Microsoft recently released the Windows Technical Preview, which is essentially a trial version of the upcoming Windows 10 operating system that people can use to check out what's coming, and to give the company feedback to help iron out any problems.
But the accompanying privacy statement reveals a couple of things that not everyone might expect to share, including voice recordings and the text users type.
You typically wouldn't expect an operating system to monitor pretty much everything you were doing on a computer and beam the details back to its creators, which is what some people claim is the case here. Hacker News wrote that by downloading the trial, "you've all but signed away your soul !!," while WinBeta ominously warned that "Microsoft may be collecting a lot more feedback from you behind the scenes."
However, while it's true that the OS preview gathers a lot more data than you might first expect, Microsoft is at least transparent about the whole thing. The real lesson here is the importance of reading the licensing agreement—and making up your own mind whether the exchange of data for services is worth a peek at the next Windows.
The Microsoft statement explains that, "Examples of data we collect include your name, email address, preferences and interests; browsing, search and file history; phone call and SMS data; device configuration and sensor data; and application usage."
It goes on to list that Microsoft may collect "voice information and use it for purposes such as improving speech processing," via a speech-to-text feature that you might use; and that they may pool what you type on your keyboard "for purposes such as improving autocomplete and spellcheck features."
When you don't read the small print, you might be signing up to a whole lot more than you bargained for
So this "behind the scenes" data collection is actually pretty up-front, even if it is rather all-encompassing. In fact, the privacy statement is refreshingly simple: the data Microsoft may collect is bullet-pointed, and although the language is slightly vague, it isn't drenched in technical jargon, which makes it easier to figure out whether you want to install the software—and provide the data required—or not.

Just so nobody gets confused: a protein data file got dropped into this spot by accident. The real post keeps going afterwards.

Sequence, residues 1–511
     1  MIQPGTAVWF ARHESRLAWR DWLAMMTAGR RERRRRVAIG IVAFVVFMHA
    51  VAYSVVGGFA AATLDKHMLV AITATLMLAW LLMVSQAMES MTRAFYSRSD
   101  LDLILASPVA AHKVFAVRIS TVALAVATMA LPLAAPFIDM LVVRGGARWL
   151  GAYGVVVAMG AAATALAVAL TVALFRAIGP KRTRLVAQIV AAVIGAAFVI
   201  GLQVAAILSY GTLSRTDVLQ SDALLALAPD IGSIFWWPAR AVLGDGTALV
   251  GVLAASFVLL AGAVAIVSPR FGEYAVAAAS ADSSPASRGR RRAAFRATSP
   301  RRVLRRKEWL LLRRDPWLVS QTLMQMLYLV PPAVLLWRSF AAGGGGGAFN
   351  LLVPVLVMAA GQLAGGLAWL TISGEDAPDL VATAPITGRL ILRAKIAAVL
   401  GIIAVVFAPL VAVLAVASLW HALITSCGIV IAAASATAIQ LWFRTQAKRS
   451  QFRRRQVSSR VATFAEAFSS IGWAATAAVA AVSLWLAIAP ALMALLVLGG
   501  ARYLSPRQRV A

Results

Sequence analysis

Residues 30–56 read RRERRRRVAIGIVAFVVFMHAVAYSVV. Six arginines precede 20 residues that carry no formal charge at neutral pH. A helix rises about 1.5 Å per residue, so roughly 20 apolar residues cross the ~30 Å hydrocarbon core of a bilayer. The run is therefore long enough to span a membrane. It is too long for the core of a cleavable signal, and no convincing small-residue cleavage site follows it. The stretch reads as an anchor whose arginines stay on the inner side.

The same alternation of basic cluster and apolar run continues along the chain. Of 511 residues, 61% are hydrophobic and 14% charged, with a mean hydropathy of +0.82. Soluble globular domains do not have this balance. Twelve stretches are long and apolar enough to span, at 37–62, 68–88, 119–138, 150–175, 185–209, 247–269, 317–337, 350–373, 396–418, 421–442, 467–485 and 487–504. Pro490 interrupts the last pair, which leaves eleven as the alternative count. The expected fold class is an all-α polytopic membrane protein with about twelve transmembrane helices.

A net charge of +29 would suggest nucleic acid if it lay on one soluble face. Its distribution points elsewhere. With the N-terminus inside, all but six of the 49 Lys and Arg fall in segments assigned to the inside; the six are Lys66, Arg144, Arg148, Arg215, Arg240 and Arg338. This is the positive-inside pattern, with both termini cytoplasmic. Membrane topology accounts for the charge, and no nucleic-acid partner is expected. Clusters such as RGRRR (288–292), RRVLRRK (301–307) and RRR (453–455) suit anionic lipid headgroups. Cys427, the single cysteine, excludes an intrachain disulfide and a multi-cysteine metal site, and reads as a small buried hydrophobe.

That's not the case with all privacy statements. A previous Apple statement stacked up to a whopping 56 pages; a document that very, very few users would rifle through before clicking accept.
And when you don't read the small print, you might be signing up to a whole lot more than you bargained for. Last week, security company SnoopWall published a report claiming that a number of third-party flashlight apps for Android phones had an extraordinary amount of power over their host device. This included location tracking, access to call details, and the ability to delete and install software—stuff that is obviously unnecessary for illuminating a dark room. Instead, the data may be sold on to advertisers, the Guardian noted.
But while various corners of the internet are freaking out about the Windows 10 agreement, some of the data collected seems intuitively reasonable. Information about your device configuration, for instance, will help Microsoft figure out if there are any particular drivers that are causing problems. This is standard practice for many pieces of software, such as your favourite browser, or when your normal operating system crashes and you're prompted to send a wad of diagnostic data.
And it's important to remember that this isn't the full-blown, commercial version of Windows 10. It's a technical trial, and the whole point of it is to collect info on users. If this was the finished Windows 10, and keylogging and voice recording features were included in a surreptitious manner, it would be a real concern for the privacy of users. Now that Microsoft has laid out just how broad its capabilites are in that regard, expect the Windows 10 release to be met with prying eyes.